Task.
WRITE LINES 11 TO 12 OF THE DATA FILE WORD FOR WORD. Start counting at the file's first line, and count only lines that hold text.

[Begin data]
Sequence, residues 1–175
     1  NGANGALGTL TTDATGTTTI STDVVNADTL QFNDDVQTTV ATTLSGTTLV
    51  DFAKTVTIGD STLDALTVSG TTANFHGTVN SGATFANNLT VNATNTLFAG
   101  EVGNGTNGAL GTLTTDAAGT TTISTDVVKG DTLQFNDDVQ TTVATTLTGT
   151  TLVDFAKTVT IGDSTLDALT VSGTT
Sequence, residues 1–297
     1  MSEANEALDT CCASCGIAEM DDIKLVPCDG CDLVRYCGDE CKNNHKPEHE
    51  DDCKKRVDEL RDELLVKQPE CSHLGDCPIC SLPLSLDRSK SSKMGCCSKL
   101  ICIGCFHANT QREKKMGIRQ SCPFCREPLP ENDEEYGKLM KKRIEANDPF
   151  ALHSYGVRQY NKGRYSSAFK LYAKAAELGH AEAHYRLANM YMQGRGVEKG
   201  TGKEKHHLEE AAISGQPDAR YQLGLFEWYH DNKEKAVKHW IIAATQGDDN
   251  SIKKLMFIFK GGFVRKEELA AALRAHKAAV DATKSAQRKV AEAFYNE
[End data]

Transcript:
   201  TGKEKHHLEE AAISGQPDAR YQLGLFEWYH DNKEKAVKHW IIAATQGDDN
   251  SIKKLMFIFK GGFVRKEELA AALRAHKAAV DATKSAQRKV AEAFYNE